Prof. Dr. Felix Naumann

Repeatability - INDs

Inclusion dependencies are a well studied property of relational data sources and mainly serve the detection of foreign key relationships. As an integral part of most data profiling efforts, they further support schema reconstruction, data exploration, and database maintenance. This is the repeatability page for the following research contribution:

Repeatability for INDs discovery Algorithms

This is a repeatability section for IND discovery algorithms. The algorithms are provided in the state their results have been published, but they may not represent the most recent version of their implementations. To get the more up-to-date version of the algorithms, use the binaries provided here.

The following IND discovery algorithms are available for the Metanome data profiling tool:

Besides that, we provide the following algorithms that are not yet integrated with Metanome:

Experimental Evaluation of State-of-the-art INDs Algorithms

This section is dedecated to provide all materials have been used for experimentally comparing ten INDs discovery algorithms. IND discovery is one of the hardest tasks in data profiling: It is NP-hard, as well as one of the first real-world problems proven to be W[3]-complete. This complexity is mainly due to the large and complex search space and the expensive candidate checks required to find maximum Inds. Current Ind discovery algorithms still have specific shortcomings when running on different datasets. We evaluated and compared the following ten well-known algorithms for discovering Inds:

 unary IND Algorithms

N-ary IND Algorithms

Bell and Brockhausen




Spider and SPIDER Bruteforce







The code for all this algorithm and for repeating the experiments can be found in GitHub and Metanome algorithms repository. The evaluation framework and run instructions are also available.  (S-INDD++ code is available on request due to copyright)

Foreign Key Detection

Once discovered, INDs serve to identify foreign key constraints in relational schemata. In our WebDB'09 paper A Machine Learning Approach to Foreign Key Discovery, we proposed machine learning techniques to solve this task. Please find supplementary material below:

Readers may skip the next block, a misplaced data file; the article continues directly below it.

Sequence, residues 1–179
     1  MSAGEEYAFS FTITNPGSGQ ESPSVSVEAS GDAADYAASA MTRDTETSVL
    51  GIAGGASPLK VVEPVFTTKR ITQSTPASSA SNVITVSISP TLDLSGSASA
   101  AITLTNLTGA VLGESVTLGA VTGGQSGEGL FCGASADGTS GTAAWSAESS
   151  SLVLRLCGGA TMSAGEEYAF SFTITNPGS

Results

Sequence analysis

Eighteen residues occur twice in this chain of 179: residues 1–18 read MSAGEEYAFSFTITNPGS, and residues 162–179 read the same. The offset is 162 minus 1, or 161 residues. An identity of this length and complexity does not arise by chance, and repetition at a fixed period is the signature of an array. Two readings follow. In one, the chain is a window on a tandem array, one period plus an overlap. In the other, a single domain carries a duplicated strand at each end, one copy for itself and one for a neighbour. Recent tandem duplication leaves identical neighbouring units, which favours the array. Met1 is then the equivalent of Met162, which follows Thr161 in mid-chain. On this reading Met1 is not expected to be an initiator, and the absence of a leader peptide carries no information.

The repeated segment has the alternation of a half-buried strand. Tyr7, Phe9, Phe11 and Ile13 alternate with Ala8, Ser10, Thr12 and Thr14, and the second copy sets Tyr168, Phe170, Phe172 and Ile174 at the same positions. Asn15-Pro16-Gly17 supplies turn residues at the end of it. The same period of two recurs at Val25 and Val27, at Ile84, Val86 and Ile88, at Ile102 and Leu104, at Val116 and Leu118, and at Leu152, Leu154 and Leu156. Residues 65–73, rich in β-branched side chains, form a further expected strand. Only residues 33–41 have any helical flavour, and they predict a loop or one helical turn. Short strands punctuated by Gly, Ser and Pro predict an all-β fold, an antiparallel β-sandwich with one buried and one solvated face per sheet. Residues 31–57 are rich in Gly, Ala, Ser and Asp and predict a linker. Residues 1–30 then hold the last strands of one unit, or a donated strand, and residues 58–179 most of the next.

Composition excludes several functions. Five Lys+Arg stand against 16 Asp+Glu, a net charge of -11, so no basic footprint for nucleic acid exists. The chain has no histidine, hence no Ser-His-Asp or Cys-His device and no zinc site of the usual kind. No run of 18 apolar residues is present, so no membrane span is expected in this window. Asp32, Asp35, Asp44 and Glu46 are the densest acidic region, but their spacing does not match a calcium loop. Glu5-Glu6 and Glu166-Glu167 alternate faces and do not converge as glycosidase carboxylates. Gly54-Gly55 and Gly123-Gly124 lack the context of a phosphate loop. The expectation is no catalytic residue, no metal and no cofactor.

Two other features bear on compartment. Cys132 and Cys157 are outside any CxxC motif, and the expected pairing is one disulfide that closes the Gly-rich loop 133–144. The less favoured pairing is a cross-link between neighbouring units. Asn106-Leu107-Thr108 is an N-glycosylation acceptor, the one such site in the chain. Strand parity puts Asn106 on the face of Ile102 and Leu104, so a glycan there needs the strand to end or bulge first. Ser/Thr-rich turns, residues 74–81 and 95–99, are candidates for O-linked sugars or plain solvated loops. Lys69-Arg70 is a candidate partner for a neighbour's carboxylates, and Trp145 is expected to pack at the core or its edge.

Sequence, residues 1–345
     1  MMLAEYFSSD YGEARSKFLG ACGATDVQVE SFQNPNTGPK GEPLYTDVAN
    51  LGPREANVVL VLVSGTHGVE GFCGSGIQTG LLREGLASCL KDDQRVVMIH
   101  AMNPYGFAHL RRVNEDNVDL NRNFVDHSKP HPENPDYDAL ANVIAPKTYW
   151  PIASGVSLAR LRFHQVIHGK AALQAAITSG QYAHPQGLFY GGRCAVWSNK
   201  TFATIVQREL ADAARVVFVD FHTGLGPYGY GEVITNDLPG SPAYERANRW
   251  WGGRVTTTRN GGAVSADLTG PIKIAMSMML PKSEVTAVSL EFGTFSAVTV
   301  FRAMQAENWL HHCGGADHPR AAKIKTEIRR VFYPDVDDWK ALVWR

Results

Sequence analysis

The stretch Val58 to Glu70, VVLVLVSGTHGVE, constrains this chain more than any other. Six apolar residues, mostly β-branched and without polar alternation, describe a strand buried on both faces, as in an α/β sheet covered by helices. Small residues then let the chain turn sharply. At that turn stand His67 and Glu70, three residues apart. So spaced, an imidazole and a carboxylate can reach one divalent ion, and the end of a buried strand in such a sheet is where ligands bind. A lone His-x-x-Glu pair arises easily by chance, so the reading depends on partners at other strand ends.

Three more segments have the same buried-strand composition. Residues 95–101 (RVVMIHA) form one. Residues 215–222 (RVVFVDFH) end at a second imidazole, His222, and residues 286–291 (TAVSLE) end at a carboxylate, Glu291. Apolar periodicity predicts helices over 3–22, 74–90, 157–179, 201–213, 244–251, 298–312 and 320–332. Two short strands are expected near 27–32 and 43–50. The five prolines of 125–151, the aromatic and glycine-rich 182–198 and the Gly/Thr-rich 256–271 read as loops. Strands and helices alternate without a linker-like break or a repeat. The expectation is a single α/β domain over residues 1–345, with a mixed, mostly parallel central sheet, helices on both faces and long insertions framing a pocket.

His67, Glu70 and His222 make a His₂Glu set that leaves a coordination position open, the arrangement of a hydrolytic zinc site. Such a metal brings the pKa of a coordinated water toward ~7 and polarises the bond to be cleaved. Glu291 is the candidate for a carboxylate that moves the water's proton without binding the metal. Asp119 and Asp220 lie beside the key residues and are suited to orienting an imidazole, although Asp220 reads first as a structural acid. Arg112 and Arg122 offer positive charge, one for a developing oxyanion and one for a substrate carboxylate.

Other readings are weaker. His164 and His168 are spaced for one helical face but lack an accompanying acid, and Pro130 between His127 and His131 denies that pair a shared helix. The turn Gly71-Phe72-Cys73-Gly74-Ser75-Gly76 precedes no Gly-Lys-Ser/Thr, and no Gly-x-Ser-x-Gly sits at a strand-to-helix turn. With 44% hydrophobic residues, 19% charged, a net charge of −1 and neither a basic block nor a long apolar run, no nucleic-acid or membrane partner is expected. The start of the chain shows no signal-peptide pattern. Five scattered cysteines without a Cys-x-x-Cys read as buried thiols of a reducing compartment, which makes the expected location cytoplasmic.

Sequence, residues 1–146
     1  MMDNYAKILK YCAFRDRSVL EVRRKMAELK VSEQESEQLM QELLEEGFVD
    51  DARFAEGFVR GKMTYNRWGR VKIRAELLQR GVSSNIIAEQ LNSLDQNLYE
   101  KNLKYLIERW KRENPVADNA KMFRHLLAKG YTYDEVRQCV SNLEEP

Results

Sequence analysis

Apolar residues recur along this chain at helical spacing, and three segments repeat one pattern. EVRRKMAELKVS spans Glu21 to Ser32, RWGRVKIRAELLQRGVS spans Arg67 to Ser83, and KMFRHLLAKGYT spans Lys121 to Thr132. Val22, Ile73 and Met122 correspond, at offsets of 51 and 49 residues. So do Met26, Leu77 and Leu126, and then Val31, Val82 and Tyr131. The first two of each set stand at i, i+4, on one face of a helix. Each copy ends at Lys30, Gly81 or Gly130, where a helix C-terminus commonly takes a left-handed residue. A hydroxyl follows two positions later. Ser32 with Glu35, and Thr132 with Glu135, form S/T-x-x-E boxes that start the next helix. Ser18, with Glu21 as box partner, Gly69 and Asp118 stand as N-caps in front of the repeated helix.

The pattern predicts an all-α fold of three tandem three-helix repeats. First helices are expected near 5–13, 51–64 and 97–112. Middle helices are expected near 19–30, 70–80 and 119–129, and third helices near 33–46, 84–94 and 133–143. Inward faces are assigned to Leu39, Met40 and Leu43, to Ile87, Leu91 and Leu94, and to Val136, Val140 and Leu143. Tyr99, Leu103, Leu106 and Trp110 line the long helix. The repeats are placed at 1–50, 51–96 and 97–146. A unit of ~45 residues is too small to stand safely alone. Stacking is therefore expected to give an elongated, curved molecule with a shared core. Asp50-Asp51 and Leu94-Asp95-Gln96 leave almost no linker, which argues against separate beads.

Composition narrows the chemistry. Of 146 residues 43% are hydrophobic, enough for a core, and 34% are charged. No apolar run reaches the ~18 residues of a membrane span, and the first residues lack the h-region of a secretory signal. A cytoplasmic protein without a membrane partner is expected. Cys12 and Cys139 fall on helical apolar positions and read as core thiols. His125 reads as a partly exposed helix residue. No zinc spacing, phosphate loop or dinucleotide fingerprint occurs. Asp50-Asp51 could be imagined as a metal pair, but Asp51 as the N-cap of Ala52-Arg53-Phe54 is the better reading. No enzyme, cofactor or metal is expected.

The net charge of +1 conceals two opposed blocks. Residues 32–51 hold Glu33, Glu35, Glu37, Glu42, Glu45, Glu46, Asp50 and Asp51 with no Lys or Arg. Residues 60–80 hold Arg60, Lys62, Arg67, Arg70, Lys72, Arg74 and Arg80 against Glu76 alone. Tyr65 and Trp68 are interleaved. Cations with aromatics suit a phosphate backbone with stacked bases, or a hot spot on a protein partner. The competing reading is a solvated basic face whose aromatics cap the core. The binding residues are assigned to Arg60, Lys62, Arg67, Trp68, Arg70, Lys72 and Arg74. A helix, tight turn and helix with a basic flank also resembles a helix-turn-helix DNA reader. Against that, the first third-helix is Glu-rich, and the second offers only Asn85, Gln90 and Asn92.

• Algorithm that first implemented the proposed heuristics (zip, Java)
  • Training data and models for the proposed machine learning approach (zip for WEKA)


The IND algorithms have been exhaustively tested on datasets of the following sources. The links refer to the original source website. Due to the large size of most datasets, we provide the actual data only upon request:

Name | File Size | Attributes | Unary INDs | N-ary INDs

COMA [1] | 20 KB | 4 | 0 | 0
SCOP|16 MB|22|43 (39)|40 (36)
CENSUS|112 MB|48 (42)|73 (39)|147 (89)
WIKIPEDIA [1]|540 MB|14|2|0
BIOSQL|560 MB|148 (77)|12463 (348)|22 (507)
WIKIRANK [1]|697 MB|35 (29)|321 (99)|339 (103)
LOD [2]|830 MB|41|298 (258)|1361005
ENSEMBL|836 MB|448 (130)|142510 (364)|100
CATH|908 MB|115|62|81
CATH 4.0|16 MB|25|51|81
TESMA [3]|1 GB|128 (114)|1780 (2)|0
PDB|44 GB|2790|800651|?
MusicBrainz|26.8 GB (27GB)|1053 (1054)|45793 (49829)|?
PLISTA [4]|61 GB|140|4877|?
TPC-H [5]|100 GB|61|90|6
TPC-H 1|1 GB|61|96|8
TPC-H 10|10 GB|61|97|11
BTC-2012 FB [6]|8.6 GB|22,236|202,331|?
ghaIND [7]|822MB|36|18|203

[1] Crawled from the Wikipedia knowledge base.

[2] Extracted from linked open data on famous persons; stored in relational format.

[3] Generated using our own db-tesma data generator (binaries for Windows 32 Bit).

[4] Streamed anonymized web log data from Plista.

[5] Generated using the dbgen data generator (binaries for Debian 64 Bit DB2).

[6] Obtained by partitioning the Freebase triples from the BTC 2012 dataset by their predicate.

[7] Generated using this generator.

*Numbers in brackets are the numbers we got when these datasets used for the experimental comparison among IND algorithms with NULL equal semantic